03/08/2007, 00.00
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How to “save” the Khmer Rouge trials

Cambodians and international judges hold talks on how to avoid the possible collapse of trails against the Khmer Rouge. After a series of delays the aim is to begin procedures before ageing witnesses and accused die.

Phnom Penh (AsiaNews) – There is a serious risk that even this year procedures against the surviving leaders of the brutal Khmer Rouge regime will collapse before they get underway. The trials have ground to a halt over procedural differences: foreign judges want full international legal standards, while the Cambodians say local law must take precedence.


After five years of debate, in June 2003, Cambodia and the United Nations agreed to create a tribunal to try those responsible for crimes committed between 1975 and 1979 during the Pol Pot regime. In that period, an estimated 2 million people died in the so called "killing fields".


In May 2006 Cambodia’s highest judicial body nominated 30 judges to preside over the tribunal to try the surviving leaders of the Khmer Rouge regime for genocide.  Minister for Justice Ang Vong Vathana stated that the Magistrates supreme council approved the nomination of 17 Cambodian judges and 13 judges from other nations, indicated by the UN, adding “I hope that the trials will open in the near future”.


For the international judges this morning’s talks, during which over 100 different issues will be discussed, represent the last chance to guarantee that the trials meet with international legal standards.  In a recent statement the tribunal office declared that “all judges are well aware of the importance of the upcoming meeting”.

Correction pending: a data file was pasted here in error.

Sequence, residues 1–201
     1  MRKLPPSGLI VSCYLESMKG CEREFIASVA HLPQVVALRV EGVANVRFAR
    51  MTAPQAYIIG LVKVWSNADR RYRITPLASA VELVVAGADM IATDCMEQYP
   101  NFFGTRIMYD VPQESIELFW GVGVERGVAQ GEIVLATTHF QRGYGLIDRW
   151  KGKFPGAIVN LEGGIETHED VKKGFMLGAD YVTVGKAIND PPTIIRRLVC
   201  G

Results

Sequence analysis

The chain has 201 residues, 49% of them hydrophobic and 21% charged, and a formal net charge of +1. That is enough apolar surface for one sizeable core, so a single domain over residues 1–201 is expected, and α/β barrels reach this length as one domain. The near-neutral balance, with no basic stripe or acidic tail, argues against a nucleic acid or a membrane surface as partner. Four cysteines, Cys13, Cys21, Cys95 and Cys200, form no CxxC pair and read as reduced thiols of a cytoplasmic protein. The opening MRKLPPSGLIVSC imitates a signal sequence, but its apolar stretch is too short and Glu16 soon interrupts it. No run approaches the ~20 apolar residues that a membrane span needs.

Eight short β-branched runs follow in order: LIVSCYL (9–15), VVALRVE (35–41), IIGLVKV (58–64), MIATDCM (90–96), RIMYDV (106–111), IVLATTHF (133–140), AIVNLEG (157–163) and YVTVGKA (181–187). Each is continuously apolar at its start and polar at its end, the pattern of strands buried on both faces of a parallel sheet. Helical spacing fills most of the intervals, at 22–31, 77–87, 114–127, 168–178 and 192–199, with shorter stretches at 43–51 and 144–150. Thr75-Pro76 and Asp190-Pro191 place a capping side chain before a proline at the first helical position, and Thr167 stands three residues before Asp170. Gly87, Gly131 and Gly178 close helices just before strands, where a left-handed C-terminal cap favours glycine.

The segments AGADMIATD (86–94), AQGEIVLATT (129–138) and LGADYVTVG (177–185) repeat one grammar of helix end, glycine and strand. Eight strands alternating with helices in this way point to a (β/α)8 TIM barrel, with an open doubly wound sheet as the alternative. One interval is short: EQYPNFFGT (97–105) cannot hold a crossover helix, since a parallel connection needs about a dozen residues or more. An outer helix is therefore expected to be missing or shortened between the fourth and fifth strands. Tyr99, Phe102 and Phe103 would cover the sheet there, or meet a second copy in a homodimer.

However, if agreement is not reached the foreign judges intend to ask the United Nations to relive them of their mandate.  But local magistrates continue to insist that Cambodian law must prevail over the special courts and claim that they feel unjustly accused of being the sole cause of continuous delays.    


Speaking to AFP French judge Marcel Lemonde affirmed that “there is really only one point on which the international judges find consensus; these trials must be held soon or not at all”.  Time is the crux of the problem, if the ageing members of the Khmer Rouge are to be brought to justice.


The death of military commander Ta Mok late last year heightened fears that more key defendants and witnesses could die before facing justice. Nicknamed “the butcher” he was imprisoned together with Duch, commander of the centre for interrogation and torture Tuol Sleng in Phnom Penh, on charges of war crimes, genocide and crimes against humanity.  Still today not one single leader of the Khmer Rouge has been tried: Pol Pot died in 1998 and many of his trusted comrades in arms live in Cambodia in complete freedom.  

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